FORMER first ministers Nicola Sturgeon and Henry McLeish clashed on Scottish independence at an event at Wigtown Book Festival.

The sold-out event, chaired by former BBC Scotland political editor Brian Taylor, also included Tory MSP Liz Smith.

The Scotland Act, 25 Years On, explored all that has happened since the legislation was first passed in November 1998.

Sturgeon said she believes Scotland will become independent and accused the Westminster government of “democracy denial” for repeatedly ruling out a second independence referendum.

The National:

“We have a government that has no respect for the Scottish Parliament,” Sturgeon added.

“If we aren’t careful we will wake up one day in a few years and will wonder whatever happened to our Scottish Parliament.”

She continued to say that the denial of a second referendum was “unsustainable” and that “Scotland will have a choice and that choice will be independence”.

However, McLeish said he felt Scotland has “stalled on a number of major issues” including the “relentless focus on independence”.

“The dial has not shifted, there are no more people in favour of independence than there were in the past and the momentum has gone out of the independence movement,” he said.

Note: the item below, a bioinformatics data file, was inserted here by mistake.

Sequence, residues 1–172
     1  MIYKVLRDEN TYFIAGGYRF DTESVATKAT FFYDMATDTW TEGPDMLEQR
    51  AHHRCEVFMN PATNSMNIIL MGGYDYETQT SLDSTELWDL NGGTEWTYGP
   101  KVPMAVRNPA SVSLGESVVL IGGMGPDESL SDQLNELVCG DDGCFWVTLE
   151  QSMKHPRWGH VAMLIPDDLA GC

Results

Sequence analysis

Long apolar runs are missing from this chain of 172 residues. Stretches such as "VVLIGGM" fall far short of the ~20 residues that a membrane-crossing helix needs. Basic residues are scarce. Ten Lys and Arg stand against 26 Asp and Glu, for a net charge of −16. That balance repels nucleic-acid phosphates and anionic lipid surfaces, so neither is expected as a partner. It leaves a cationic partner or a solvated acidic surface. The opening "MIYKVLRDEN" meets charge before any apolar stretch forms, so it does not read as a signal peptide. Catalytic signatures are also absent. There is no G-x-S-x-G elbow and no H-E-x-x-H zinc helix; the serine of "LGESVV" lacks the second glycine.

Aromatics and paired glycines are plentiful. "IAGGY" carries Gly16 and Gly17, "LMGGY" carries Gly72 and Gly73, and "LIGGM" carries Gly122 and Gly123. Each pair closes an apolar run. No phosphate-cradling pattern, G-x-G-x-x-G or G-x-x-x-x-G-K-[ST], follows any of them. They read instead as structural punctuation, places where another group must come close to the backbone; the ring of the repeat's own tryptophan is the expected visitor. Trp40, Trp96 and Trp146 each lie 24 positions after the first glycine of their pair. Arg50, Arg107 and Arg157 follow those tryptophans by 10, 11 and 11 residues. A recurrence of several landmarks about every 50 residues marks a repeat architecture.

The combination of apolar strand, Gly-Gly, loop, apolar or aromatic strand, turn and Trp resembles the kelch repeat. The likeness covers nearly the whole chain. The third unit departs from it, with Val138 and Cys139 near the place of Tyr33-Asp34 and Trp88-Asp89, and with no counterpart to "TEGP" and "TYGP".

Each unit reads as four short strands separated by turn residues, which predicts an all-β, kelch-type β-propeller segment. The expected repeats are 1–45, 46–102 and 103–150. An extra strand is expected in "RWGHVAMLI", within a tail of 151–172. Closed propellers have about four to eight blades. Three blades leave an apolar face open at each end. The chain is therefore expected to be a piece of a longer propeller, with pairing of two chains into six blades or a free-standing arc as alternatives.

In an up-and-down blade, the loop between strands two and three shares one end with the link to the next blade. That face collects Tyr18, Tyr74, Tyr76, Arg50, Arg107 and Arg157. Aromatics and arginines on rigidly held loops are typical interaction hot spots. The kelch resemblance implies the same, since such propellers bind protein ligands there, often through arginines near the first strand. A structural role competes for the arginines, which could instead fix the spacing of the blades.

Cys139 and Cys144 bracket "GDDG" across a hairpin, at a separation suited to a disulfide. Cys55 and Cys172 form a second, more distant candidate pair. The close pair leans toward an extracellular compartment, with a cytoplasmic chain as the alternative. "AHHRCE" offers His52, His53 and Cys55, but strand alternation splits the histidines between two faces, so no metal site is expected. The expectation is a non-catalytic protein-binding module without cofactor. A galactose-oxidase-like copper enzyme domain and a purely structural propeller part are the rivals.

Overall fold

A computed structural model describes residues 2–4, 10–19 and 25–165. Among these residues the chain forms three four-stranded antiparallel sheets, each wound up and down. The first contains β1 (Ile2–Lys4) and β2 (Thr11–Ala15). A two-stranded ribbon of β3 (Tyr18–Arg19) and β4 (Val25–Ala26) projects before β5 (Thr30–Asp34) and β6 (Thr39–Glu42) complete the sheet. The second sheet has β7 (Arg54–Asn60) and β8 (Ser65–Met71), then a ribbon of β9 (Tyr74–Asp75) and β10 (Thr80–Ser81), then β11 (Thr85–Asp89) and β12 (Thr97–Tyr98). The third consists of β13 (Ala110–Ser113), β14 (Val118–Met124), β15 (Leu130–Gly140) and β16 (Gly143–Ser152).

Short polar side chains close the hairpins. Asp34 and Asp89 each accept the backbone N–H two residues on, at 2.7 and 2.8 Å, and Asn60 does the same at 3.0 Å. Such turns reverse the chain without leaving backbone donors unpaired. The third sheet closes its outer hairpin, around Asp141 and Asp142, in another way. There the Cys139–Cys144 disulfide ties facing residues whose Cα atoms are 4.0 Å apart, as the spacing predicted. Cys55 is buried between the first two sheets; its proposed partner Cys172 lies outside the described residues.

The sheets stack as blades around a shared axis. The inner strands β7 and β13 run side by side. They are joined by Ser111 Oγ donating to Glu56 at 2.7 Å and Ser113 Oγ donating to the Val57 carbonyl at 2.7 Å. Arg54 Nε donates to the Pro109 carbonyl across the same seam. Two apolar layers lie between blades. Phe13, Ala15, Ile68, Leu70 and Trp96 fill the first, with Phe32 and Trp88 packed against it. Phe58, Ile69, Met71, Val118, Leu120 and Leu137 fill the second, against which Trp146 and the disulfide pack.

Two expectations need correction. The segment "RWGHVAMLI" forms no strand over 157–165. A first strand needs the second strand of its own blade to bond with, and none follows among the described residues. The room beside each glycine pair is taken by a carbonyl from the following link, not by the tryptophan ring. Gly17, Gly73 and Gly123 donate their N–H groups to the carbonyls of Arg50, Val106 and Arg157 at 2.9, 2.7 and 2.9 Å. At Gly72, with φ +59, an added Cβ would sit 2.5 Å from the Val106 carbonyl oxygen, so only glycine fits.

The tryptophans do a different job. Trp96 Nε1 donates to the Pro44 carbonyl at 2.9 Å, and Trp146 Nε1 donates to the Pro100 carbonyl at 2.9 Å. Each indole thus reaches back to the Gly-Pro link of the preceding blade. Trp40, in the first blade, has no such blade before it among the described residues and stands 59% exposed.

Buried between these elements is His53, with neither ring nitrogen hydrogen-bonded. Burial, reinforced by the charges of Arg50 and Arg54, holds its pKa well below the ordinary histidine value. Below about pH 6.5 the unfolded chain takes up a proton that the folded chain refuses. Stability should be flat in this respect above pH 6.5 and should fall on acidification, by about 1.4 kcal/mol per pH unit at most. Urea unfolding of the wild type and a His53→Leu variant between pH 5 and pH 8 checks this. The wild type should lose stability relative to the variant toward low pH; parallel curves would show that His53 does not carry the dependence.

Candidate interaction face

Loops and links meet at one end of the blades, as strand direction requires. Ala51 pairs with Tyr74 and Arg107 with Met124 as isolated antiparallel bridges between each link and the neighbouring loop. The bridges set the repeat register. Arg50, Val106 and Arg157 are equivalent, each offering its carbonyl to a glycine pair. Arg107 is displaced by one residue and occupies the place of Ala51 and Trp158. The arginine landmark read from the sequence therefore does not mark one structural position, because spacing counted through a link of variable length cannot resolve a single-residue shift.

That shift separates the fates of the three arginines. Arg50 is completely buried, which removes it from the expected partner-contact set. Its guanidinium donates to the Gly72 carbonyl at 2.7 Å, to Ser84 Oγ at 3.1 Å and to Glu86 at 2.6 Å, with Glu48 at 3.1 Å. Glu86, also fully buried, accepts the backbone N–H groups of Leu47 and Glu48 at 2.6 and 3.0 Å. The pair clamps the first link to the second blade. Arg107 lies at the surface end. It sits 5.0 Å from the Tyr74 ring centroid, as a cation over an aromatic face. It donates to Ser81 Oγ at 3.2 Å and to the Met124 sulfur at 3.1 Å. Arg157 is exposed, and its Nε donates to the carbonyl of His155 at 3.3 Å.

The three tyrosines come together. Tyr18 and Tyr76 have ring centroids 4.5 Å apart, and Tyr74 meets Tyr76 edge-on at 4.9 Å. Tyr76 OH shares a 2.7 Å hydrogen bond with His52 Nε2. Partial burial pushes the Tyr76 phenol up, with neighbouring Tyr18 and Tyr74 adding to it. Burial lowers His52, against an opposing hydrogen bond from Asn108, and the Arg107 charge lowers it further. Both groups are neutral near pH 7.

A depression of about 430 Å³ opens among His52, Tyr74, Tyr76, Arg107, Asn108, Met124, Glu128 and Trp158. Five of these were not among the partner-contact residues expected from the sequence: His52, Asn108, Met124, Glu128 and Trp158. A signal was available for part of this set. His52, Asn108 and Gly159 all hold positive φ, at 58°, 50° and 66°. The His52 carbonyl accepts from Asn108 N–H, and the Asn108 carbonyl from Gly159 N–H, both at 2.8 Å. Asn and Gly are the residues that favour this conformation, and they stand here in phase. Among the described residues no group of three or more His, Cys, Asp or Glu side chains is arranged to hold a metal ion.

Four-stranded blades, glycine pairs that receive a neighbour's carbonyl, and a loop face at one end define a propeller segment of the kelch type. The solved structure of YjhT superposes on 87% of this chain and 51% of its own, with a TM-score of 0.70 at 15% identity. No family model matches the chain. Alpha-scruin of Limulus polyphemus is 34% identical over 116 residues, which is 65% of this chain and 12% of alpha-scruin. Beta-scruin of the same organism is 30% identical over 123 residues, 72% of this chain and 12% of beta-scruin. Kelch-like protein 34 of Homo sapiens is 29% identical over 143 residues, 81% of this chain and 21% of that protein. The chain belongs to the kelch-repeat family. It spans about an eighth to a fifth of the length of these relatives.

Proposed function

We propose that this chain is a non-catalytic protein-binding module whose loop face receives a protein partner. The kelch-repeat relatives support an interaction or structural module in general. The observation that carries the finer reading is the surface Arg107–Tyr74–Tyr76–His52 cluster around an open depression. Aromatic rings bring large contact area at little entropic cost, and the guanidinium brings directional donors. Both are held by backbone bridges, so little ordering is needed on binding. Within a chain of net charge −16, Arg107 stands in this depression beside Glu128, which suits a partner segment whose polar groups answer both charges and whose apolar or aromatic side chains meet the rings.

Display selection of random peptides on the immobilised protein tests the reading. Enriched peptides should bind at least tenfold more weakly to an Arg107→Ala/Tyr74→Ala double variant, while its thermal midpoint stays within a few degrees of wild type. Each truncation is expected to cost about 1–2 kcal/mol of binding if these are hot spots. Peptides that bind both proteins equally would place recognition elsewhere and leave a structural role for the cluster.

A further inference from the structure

For the next five years, he said, there must be a focus on solving issues around the economy, health and education.

He added that the next General Election should be treated as an opportunity to remove the Tory government that promotes “private affluence and public squalor”.

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However, both former first ministers did agree that Scotland needs more powers to address its own affairs.

Smith added that politics needs new ways for people to be able to agree and disagree with respect.

“Politics is toxic. Politics and politicians are deeply unpopular and we have to tackle that," she said.

“I believe what the people of Scotland really want is for us to be addressing the problems that confront us all and to see both parliaments working together to make this happen.”